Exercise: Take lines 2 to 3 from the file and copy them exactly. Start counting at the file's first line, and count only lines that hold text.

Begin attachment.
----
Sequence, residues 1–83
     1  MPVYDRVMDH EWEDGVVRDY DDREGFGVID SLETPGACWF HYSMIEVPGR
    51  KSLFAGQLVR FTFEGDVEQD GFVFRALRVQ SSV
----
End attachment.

     1  MPVYDRVMDH EWEDGVVRDY DDREGFGVID SLETPGACWF HYSMIEVPGR
    51  KSLFAGQLVR FTFEGDVEQD GFVFRALRVQ SSV